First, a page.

Where do you want to be with your project in 10 years? How do you feel AI will develop in the long term?

Ideally we will have something that no longer depends on us (mathematicians and computer scientists). I hope there will be software and other tools that are well established and easy for everyone to use – truly accessible. I hope all the tools we are developing now one day become as common as Office, Word, Excel or Power Point, but for the area of image analysis. I want to develop something like this, and something much more unified. I also see that young students today are more open to learn tools based on programming. People are now venturing into this area because they see the advantages to the work we do. This is a motivation in and of itself, to continue developing software that is much more accessible to biologists.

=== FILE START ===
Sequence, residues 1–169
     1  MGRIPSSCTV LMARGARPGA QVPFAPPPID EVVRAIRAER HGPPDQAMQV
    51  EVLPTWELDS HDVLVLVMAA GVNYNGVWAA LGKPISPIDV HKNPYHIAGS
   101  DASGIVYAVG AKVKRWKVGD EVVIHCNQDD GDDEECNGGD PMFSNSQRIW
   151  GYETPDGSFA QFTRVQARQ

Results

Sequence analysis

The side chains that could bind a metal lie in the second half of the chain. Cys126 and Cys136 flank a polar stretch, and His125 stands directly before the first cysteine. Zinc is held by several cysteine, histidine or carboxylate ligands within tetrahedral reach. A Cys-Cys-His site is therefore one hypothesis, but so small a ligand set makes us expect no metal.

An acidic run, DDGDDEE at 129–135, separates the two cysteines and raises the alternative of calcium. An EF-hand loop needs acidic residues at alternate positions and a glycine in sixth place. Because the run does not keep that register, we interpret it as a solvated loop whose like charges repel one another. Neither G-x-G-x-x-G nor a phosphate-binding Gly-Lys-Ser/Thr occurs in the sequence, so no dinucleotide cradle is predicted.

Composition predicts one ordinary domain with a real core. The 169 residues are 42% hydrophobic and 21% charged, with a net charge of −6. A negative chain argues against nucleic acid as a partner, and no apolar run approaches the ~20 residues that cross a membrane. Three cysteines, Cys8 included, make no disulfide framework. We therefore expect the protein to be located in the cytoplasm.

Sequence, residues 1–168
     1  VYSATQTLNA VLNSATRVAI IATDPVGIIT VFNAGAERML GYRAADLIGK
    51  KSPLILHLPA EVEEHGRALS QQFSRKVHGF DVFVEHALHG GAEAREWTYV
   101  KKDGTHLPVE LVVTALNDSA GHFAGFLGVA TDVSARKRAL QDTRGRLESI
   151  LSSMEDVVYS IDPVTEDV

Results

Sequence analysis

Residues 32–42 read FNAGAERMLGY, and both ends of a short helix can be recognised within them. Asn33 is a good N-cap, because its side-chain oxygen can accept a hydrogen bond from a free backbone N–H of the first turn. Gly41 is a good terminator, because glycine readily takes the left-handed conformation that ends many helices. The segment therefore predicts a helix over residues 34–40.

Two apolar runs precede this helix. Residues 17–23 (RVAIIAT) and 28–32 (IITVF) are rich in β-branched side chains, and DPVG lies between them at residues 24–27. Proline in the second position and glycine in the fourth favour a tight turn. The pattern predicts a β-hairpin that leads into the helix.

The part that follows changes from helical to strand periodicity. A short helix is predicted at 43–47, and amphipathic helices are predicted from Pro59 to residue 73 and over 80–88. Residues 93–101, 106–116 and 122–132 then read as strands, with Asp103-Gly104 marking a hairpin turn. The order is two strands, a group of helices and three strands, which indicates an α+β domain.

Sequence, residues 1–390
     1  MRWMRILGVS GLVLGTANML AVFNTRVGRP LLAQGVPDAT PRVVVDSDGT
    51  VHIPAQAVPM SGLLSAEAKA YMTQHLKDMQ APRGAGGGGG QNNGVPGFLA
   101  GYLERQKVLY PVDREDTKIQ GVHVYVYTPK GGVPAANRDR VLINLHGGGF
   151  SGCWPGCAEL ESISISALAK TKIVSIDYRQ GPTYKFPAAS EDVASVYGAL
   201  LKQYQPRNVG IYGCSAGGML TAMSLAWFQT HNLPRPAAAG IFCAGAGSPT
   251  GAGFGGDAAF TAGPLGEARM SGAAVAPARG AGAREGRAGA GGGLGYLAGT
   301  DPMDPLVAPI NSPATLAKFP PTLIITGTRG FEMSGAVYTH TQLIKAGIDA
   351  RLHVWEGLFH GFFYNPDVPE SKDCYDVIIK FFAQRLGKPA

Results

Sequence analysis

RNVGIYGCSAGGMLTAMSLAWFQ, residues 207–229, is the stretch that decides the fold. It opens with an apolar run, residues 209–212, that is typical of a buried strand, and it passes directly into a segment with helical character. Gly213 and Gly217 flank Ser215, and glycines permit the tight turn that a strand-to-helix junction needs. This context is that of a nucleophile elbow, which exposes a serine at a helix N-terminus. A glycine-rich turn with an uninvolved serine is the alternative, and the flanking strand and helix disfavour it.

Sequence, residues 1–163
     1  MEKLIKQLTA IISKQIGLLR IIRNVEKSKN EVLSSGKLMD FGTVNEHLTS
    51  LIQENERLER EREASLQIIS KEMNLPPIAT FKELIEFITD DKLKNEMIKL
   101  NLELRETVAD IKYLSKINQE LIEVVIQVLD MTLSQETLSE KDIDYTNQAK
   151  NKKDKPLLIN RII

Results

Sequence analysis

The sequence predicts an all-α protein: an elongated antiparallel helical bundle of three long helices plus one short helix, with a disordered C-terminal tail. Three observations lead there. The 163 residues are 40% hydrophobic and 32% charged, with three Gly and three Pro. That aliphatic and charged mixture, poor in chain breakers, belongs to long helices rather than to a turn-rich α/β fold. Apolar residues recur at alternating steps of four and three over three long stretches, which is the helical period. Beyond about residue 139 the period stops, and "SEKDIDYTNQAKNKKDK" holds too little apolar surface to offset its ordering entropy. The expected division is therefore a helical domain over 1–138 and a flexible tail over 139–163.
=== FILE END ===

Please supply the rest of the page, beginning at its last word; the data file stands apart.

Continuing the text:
Check out our introductory post, with links to the other interviews here